BMW Doesn't Want to Hear You Complain About How Its Old Cars Were Better
'I do not want to hear that shit anymore,' one BMW exec reportedly said.
Lamenting over how new BMWs aren't quite as good to drive as old BMWs is a favorite pastime among the automotive commentariat. One BMW exec, however, has had enough.
In an interview with Australia's Motoring at the Paris Motor Show where the company debuted its brand new 3 Series, BMW development chief and board member Klaus Fröhlich talked up the new car's dynamic chops. While doing so, he preemptively and candidly called out the almost inevitable criticism from journalists that the new 3er won't be as light, engaging, or visually subtle as its predecessors.
"It has to beat everybody in the segment in driving dynamics because all the Australian, U.K., and American journalists say 'Oh the E46 CSL was the last real 3 Series'," Fröhlich told Motoring. "I do not want to hear that shit anymore."
Fröhlich continued, "First thing and this is for me the most important thing; you can drive fast and completely relaxed. You don't feel how fast you are. Second thing and this thing is a big achievement; this car is much more valuable, it has much better materials and it is solid like a rock." The new G20 3 Series will be up to 121 pounds lighter and have a center of gravity 10 millimeters lower than the car it replaces while being bigger overall with a wider track. It'll be the first 3 Series to dump the manual transmission.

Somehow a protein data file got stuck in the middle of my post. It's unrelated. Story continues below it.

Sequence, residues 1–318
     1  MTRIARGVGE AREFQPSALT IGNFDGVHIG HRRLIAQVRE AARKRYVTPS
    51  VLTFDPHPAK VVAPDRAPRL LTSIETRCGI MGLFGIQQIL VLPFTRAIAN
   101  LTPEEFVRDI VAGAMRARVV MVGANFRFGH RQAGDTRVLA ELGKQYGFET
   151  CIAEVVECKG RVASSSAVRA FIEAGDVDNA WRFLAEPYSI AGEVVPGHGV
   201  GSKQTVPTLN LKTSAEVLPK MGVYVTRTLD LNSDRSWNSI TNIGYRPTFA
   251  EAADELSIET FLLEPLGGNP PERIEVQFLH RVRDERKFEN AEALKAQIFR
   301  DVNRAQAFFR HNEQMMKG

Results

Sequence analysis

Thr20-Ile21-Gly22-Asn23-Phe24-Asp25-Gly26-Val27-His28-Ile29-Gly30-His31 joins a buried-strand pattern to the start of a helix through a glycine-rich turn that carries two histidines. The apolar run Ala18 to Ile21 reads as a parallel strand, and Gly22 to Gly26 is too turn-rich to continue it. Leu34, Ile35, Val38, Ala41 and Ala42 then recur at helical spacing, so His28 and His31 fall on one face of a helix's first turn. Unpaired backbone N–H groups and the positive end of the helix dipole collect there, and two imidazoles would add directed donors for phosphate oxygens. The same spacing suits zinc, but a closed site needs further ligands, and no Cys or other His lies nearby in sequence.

The BMW man acknowledged that the brand, for some, still represents featherweight, high-power, analog sedans—a type of car that probably wouldn't sell very well today.
"I think as a company BMW has a big history of compact four-seaters with a lot of power—1600, 2002, the first 3 Series, the 323 with two exhaust pipes. This is BMW still in the minds of many people," said Fröhlich. "But from the heart of the brand [the 3 Series] is still the most important car. It is the right mixture of having the character and having the volume. You can have a super-sharp brand shaper very race equipped, but it will only sell some thousand units—it will not affect the brand. This is a multiplier and it’s sporty."
While BMW's desire to make more palatable vehicles for the sake of volume is understandable, the journalist criticisms aren't without merit. Earlier in the year, it was revealed that Mazda—a champion of affordable, fun-to-drive cars—had stopped benchmarking BMWs in favor of the new Toyota Camry, of all things.
We've reached out to BMW to see if it has any more potentially expletive-laden comments on the matter and will update this story if we hear back.
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